By Lorien Nettleton
Some people use their status as rock stars to extort special favors from the world. For a lot of people, it’s about being entitled to special treatment as a star.
For me it’s all about the music
All I can think of while receiving a blowjob from a 17-year-old groupie is how important music is in my life. If it weren’t for music, I would have killed myself long ago. I never would have gotten to do cocaine with David Bowe, or heroine with Thom Yorke.
Yes sir, it is totally about the music. I’m not in it for fame, or for money, or to see how many girls I can tit-fuck in three days (17) while playing back to back shows in Detroit. All I want is to set my soul into a melody.
Each time I cup the pert breast of a woman whose name I will never know, all I can do is sing the praise of the healing power of music. As another woman grinds her tight fishnet-and-mini-dress ass into my groin when I’m relaxing backstage, and two she-males perform mutual fellatio, and coke-filled baggies litter the couch like Easter eggs, I thank my lucky stars that writing songs is my only passion.
I just wish it wouldn't burn when I pee.
Sunday, August 30, 2009
The Best Of The Yellow Rake at The Vinyl Collective
Wednesday, August 26, 2009
Cover by Drew Smith
The Worst of the Yellow Rake zine is available only at the Best of The Yellow Rake book release show. For more information on the whereabouts and what-have-yous of the said release party, scroll down!
Also, we're in the Westword:
Saturday, August 15, 2009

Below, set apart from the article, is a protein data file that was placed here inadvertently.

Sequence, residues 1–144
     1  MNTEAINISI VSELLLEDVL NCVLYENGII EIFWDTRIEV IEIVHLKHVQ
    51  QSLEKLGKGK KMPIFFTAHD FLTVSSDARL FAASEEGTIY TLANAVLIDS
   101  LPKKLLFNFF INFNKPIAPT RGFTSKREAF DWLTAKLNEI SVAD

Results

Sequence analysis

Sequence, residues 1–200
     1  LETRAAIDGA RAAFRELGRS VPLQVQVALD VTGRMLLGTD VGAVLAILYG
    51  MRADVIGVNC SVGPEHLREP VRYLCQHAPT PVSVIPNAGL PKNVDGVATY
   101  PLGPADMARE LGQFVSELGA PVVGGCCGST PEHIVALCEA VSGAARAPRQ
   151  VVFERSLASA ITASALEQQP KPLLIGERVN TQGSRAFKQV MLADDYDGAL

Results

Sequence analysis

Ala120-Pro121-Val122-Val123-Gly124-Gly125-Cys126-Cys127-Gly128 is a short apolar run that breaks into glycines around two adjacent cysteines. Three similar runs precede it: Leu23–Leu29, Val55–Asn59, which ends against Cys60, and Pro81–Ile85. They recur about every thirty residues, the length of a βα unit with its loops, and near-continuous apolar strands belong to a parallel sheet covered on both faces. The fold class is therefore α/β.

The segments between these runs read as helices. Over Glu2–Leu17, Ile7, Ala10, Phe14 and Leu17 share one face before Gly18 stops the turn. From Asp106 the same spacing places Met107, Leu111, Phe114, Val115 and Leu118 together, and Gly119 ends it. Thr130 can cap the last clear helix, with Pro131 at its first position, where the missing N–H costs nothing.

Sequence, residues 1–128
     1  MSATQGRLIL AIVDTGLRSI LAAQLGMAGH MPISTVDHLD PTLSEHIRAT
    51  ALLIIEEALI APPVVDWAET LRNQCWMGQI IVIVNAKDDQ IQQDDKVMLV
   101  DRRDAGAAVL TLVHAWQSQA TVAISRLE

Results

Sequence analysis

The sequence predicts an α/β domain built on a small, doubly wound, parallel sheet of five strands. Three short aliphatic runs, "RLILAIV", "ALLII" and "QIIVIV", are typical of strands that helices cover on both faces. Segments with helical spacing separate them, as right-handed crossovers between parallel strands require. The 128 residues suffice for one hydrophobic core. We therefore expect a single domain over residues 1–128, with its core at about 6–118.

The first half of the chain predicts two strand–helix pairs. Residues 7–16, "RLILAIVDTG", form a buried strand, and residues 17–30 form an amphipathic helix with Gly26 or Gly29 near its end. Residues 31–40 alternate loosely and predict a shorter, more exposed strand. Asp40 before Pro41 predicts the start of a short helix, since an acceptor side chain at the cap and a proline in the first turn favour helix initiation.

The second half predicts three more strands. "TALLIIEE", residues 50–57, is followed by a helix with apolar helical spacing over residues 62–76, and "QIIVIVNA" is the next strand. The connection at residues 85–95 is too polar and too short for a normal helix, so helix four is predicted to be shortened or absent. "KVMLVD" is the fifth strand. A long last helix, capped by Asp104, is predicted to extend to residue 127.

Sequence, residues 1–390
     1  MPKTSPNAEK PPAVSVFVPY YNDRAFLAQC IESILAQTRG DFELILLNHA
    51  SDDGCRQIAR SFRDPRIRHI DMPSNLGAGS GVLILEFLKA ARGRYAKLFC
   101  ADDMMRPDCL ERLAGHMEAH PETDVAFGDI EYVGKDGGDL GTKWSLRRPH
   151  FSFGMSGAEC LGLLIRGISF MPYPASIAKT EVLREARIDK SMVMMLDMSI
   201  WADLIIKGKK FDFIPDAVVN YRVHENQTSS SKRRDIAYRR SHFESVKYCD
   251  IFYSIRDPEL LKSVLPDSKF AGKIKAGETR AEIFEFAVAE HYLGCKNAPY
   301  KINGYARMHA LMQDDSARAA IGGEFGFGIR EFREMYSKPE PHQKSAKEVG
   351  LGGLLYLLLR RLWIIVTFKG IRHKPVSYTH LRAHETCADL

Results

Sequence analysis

Huzzah! We are releasing our first ever book, The Best of the Yellow Rake. The release party will take place on Friday, August 28, 2009 at the Larimer Lounge and feature these bands:
The Dicky Jaguar Band
Night of Joy
Two (Brian Polk and George Fraska)
2721 Larimer Street
21+ 8 p.m.
By Brian Polk
It seems no matter what I’m doing, I generally find a way to incorporate the sauce. Work, school, watching television, writing, bathing, eating—I’ve been drunk through almost all of life’s activities. Of course, there comes a point in everyone’s life—whether it’s the morning following a 13-day binge, or the day after turning 28—when he or she stumbles upon a query: Must I rely on alcohol in order to have fun? To hoards of folks in their twenties, the answer is an unequivocal yes. But there’s a fine line between using the hooch as an enabler and using it as a crutch. And if you find yourself drunkenly stumbling all over this line, perhaps it’s time to consider the alternatives—because there are ways to have fun without drinking. There just has to be, right?
Just for the sake of convincing myself that there is in fact sober fun to be had, I came up with a few activities for the aspiring teetotalers: